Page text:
But right now sellers are starting to say, "Hey, wait a second....
Hey guys, the market is shifting. If you can feel it in your market, you're not alone. One study that's backing this up is a study that's just been done by realtor.com. It shows that of the top 300 Metro markets in the country, 45 are seeing significant price adjustments happening.
I'll give you a couple examples:
Des Moine, Iowa — 32% of the listings have had a price adjustment
Midland, Texas — 28% of listings have had a price adjustment
Toledo, Ohio — 26% of listings have had a price adjustment
Metairie, Louisiana — 24% of listings have had a price adjustment
Where I live, Portland, Oregon — 20% of listings have had a price adjustment.
So not every market's having this yet. But we're certainly seeing sellers starting to be wise to the fact that buyers aren't just going to pay infinity anymore. There is buyer resistance to pricing. We've seen the largest run-up in pricing. Prices have hit an all-time...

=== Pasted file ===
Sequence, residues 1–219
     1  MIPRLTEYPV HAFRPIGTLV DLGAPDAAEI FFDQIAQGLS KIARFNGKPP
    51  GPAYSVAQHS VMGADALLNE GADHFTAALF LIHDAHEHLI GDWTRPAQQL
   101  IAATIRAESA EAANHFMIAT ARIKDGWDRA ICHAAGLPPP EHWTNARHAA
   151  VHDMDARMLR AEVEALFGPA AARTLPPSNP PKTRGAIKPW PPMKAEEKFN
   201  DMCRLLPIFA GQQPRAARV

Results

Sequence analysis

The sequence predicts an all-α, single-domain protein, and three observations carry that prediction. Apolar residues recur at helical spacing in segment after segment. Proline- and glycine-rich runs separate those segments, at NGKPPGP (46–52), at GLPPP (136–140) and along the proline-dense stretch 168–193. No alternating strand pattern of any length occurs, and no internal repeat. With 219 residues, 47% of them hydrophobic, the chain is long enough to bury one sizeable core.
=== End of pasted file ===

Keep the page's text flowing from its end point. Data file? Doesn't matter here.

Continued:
Are you having pricing conversations with your sellers?
The number one reason why a home will sell or won't is the price. As the market transitions it's important that sellers understand that the price is their ultimate marketing tool.
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In our changing marketing landscape we must adapt our strategy, our sales language, and our approach to advising and consulting with buyer and sellers to ensure they make informed decisions.
In a traditional market with the normal seasonality of a stronger selling season in the spring and summer and a slower selling season in the fall in winter - many sellers will consider taking their house off the market during the winter, and many buyers may wait for more inventory to arrive in the typical spring and summer surge.
We are not in a traditional market. The market today is undergoing a transition, a normalization which in many areas means more inventory is quickly flooding back into your local MLS.
Watch and learn how to coach your clients (buyers and sellers) on why buying a home now is a great idea and why keeping their home on the market is a smart strategic decision.